Vegetable Peelers, Door Knobs, and Optimizely

Remember how vegetable peelers used to be thin metal things,

 

oldpeeler-final

but now they all look like this?

newpeeler-final

 

The new model was designed because people with arthritis struggled to use the old model. But it turns out that those big rubber grips make life easier for everyone, not just for folks with arthritis. And that’s why they’re everywhere now. Round door knobs being replaced with door handles? Same story.

The old models worked for 90% of people, and designing new versions around the left-out 10% made the products better for everyone.  And the same is true of Optimizely or WordPress or innumerable software libraries; a tool explicitly designed for unserved users can make a task much more efficient for even the original users. Maybe Optimizely takes tools previously accessible to 1% of people and makes them available to 15%, but the takeaway is similar: even if your only goal was to build a better tool for existing users, there’s value to be had in considering the needs of people who can’t even use the existing tools.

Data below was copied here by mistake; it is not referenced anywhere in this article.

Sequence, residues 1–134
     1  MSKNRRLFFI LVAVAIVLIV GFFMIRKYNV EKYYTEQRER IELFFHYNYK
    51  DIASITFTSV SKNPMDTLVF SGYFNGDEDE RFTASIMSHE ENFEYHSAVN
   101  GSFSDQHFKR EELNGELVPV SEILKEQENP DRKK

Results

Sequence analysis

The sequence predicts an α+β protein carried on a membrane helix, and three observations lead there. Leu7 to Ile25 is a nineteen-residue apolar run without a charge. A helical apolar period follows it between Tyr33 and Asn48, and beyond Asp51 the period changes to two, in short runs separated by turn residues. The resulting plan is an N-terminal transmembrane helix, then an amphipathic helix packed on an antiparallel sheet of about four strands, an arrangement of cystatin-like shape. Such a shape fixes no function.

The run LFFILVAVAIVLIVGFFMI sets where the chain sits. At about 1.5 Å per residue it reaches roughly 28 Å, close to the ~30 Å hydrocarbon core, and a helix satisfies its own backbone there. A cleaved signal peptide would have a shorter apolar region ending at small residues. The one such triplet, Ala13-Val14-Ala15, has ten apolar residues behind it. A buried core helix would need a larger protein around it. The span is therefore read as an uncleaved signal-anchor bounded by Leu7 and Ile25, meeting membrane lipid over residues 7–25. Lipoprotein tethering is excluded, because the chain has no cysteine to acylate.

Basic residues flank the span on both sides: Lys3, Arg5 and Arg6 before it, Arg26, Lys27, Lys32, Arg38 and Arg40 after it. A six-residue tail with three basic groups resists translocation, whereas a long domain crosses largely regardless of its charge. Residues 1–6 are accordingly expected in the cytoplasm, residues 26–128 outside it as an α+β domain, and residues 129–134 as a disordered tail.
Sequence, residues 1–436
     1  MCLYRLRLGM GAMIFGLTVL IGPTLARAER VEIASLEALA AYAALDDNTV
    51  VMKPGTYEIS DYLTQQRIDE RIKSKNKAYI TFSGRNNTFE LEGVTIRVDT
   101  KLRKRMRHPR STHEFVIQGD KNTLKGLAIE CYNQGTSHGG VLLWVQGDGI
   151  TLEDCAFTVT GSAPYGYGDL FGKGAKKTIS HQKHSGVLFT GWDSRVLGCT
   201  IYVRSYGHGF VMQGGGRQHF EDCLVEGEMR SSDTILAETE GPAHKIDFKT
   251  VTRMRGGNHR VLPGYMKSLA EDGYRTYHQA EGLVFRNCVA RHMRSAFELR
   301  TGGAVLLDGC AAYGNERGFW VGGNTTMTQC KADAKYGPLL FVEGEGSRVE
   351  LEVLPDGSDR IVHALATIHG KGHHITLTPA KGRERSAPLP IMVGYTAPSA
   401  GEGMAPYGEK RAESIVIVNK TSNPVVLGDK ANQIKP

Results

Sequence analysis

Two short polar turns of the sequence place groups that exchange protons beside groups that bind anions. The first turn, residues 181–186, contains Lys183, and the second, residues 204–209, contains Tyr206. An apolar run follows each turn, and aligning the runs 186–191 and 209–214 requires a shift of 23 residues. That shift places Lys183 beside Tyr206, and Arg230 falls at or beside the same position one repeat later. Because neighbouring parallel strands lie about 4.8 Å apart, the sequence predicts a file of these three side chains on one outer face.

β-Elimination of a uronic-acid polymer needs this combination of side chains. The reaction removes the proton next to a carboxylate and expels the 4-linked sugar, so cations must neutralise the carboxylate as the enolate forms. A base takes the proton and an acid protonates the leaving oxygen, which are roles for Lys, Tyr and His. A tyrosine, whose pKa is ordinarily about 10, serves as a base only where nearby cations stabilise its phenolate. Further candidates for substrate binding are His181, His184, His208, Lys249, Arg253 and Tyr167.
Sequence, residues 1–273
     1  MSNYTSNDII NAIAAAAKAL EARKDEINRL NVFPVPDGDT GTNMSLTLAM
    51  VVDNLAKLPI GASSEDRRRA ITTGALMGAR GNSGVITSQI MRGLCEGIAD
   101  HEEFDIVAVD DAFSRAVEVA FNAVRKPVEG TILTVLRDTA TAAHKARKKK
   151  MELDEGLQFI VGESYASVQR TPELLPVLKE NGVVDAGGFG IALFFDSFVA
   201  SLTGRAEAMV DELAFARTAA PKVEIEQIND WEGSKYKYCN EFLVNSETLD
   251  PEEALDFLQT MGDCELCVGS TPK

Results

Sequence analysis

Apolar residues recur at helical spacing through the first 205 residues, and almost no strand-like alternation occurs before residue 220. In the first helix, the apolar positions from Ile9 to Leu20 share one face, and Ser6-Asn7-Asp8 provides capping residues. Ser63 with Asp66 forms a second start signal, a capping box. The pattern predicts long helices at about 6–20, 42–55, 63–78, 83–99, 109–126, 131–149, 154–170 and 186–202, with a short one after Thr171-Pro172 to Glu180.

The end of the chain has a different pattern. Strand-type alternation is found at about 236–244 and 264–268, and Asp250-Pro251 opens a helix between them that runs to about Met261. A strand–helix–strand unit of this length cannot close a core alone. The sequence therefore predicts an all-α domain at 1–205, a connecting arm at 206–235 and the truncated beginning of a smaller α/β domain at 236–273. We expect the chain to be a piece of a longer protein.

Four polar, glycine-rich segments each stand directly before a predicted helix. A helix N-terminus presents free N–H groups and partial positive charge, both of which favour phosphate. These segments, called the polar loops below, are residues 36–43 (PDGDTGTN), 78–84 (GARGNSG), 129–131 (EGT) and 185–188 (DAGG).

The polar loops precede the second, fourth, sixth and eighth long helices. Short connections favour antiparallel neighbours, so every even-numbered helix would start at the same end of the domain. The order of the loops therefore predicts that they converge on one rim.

Discussion on Hacker News

Note: The vegetable peeler story comes from Don Norman’s amazing book, Design of Everyday Things.

Plug: Statwing takes the statistical tools that 1% of people can use, and makes them usable by the next 15%. And if you have an app that produces or collects data for your users, you can use our API to build an Export to Statwing link so your users can get more value out of their data.

 

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